I’m crying before I’ve gotten on the elevator, kicking myself for letting her get to me and for not anticipating something like this. The thought did flash through my brain as I was looking online for how to get a police report: It’s free for a spouse . . . I wonder how that is verified? (There is absolutely nothing on that page about needing proof of marriage or what that would entail.) As far as I can tell, the Public Documents Unit at MPD is “verifying” marriage through last names.

Not only is this “policy” hopelessly old-fashioned (I can’t believe I’m the first spouse with a different last name to request a copy of a police report), it’s only going to become more problematic as same-sex married couples (who choose to take each other’s names even less than straight people do) become victims of crime. So MPD is either going to have to come up with a way to easily verify marriage, or they’re just going to have to take our word for it. The kicker to all of this is that the fee for police report for a third party is $3. The woman who works in this office gave me a hard time over three dollars.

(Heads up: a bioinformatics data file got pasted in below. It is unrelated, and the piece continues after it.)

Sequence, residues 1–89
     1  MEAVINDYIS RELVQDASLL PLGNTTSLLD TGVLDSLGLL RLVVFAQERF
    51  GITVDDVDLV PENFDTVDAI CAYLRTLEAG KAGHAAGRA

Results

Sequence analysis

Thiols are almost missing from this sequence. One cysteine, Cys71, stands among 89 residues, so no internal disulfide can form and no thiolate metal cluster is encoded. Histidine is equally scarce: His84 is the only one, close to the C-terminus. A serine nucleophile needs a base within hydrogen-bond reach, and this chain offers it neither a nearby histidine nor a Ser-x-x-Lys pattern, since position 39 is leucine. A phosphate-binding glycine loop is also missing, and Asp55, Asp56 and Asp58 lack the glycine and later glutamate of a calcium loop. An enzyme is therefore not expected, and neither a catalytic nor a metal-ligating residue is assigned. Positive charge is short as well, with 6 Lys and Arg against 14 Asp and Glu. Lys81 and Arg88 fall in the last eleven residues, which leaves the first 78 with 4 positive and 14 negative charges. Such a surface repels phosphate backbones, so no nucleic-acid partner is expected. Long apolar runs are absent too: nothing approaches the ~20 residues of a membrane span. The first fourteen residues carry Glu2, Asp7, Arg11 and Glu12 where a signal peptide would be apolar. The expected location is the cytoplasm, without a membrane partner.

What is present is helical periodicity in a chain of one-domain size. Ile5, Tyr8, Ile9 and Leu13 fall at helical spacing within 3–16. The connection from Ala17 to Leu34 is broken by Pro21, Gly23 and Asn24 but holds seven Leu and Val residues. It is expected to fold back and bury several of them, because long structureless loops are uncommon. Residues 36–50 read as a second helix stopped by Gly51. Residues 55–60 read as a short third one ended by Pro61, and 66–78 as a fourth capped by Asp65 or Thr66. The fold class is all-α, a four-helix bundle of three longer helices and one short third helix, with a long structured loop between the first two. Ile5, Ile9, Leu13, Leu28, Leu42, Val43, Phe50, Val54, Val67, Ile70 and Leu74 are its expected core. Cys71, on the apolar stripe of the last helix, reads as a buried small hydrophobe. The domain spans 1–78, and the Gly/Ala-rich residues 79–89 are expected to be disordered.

I was surprised this hurt so much, and I don’t cry easily. In retrospect I know it bothered me because I have issues with one-size-fits-all corporate or bureaucratic policy. (And I choose these words in particular because my therapist has said exactly this to me: “Salem, you have issues with one-size-fits-all corporate or bureaucratic policy.”) And this is a one-size-fits-all bureaucratic policy par excellence. Usually I just get annoyed or frustrated with this type of stupid inflexibility, not hurt. But this felt like an attack on my personal choices — and on my commitment to my marriage. It devastated me that someone would doubt that I was married solely because my spouse and I don’t share a last name.